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Macro and Micro Dynamics of Productivity: From Devilish Details to Insights

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  • Lucia S. Foster
  • Cheryl A. Grim
  • John Haltiwanger
  • Zoltan Wolf

Abstract

Researchers use a variety of methods to estimate total factor productivity (TFP) at the firm level and, while these may seem broadly equivalent, how the resulting measures relate to the TFP concept in theoretical models depends on the assumptions about the environment in which firms operate. Interpreting these measures and drawing insights based upon their characteristics thus must take into account these conceptual differences. Absent data on prices and quantities, most methods yield ``revenue productivity" measures. We focus on two broad classes of revenue productivity measures in our examination of the relationship between measured and conceptual TFP (TFPQ). The first measure has been increasingly used as a measure of idiosyncratic distortions and to assess the degree of misallocation. The second measure is, under standard assumptions, a function of fundamentals (e.g., TFPQ). Using plant-level U.S. manufacturing data, we find these alternative measures are (i) highly correlated; (ii) exhibit similar dispersion; and (iii) have similar relationships with growth and survival. These findings raise questions about interpreting the first measure as a measure of idiosyncratic distortions. We also explore the sensitivity of estimates of the contribution of reallocation to aggregate productivity growth to these alternative approaches. We use recently developed structural decompositions of aggregate productivity growth that depend critically on estimates of output versus revenue elasticities. We find alternative approaches all yield a significant contribution of reallocation to productivity growth (although the quantitative contribution varies across approaches).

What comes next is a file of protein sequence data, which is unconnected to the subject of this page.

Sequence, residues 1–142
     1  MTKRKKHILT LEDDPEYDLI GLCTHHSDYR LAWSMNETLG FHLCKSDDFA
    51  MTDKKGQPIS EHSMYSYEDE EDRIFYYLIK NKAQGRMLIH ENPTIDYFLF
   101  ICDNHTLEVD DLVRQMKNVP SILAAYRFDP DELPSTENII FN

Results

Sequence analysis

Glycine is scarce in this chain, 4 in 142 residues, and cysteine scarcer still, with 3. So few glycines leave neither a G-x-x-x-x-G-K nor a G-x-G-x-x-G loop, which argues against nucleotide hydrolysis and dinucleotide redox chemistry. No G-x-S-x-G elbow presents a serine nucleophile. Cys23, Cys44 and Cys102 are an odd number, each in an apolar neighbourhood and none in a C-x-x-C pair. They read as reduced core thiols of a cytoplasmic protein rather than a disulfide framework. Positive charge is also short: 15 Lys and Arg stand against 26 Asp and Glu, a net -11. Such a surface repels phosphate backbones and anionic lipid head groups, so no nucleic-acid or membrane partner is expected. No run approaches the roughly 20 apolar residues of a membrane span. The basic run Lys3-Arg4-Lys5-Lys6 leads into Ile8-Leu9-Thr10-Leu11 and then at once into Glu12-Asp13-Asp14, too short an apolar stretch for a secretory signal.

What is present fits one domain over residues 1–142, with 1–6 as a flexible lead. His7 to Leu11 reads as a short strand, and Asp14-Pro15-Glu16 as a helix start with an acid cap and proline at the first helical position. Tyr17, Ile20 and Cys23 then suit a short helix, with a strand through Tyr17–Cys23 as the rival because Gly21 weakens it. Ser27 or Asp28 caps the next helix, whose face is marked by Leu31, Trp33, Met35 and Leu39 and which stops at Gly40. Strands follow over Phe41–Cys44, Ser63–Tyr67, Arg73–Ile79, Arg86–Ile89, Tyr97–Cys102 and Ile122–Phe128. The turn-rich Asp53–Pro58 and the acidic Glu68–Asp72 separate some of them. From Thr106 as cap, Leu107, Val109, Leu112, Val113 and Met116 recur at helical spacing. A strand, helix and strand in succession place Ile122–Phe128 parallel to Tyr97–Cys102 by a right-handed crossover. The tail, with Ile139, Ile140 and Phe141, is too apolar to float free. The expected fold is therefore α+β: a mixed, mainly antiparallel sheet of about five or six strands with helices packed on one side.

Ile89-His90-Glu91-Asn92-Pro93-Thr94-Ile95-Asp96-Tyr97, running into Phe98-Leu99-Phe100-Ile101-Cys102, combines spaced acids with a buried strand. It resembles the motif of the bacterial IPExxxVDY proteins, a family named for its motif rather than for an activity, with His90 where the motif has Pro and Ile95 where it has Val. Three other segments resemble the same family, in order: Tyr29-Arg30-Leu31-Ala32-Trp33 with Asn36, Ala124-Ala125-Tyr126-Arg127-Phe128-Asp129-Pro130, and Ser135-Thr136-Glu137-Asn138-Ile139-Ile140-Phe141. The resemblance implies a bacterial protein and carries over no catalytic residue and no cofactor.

Suggested Citation

  • Lucia S. Foster & Cheryl A. Grim & John Haltiwanger & Zoltan Wolf, 2017. "Macro and Micro Dynamics of Productivity: From Devilish Details to Insights," NBER Working Papers 23666, National Bureau of Economic Research, Inc.
  • Handle: RePEc:nbr:nberwo:23666
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    Cited by:

    1. Eric J. Bartelsman & Zoltan Wolf, 2017. "Measuring Productivity Dispersion," Tinbergen Institute Discussion Papers 17-033/VI, Tinbergen Institute.
    2. Francesco Manaresi & Nicola Pierri, 2018. "Credit supply and productivity growth," Temi di discussione (Economic working papers) 1168, Bank of Italy, Economic Research and International Relations Area.
    3. S. Calligaris & M. Del Gatto & F. Hassan & G. I.P. Ottaviano & F. Schivardi, 2017. "The Productivity Puzzle and Misallocation: an Italian Perspective," Working Paper CRENoS 201710, Centre for North South Economic Research, University of Cagliari and Sassari, Sardinia.
    4. repec:nbr:nberch:13889 is not listed on IDEAS
    5. Lucia Foster & Cheryl Grim & John Haltiwanger & Zoltan Wolf, 2018. "Innovation, Productivity Dispersion, and Productivity Growth," NBER Chapters,in: Measuring and Accounting for Innovation in the 21st Century National Bureau of Economic Research, Inc.
    6. Francesco Manaresi & Nicola Pierri, 2018. "Credit supply and productivity growth," BIS Working Papers 711, Bank for International Settlements.

    More about this item

    JEL classification:

    • E24 - Macroeconomics and Monetary Economics - - Consumption, Saving, Production, Employment, and Investment - - - Employment; Unemployment; Wages; Intergenerational Income Distribution; Aggregate Human Capital; Aggregate Labor Productivity
    • L22 - Industrial Organization - - Firm Objectives, Organization, and Behavior - - - Firm Organization and Market Structure
    • O4 - Economic Development, Innovation, Technological Change, and Growth - - Economic Growth and Aggregate Productivity

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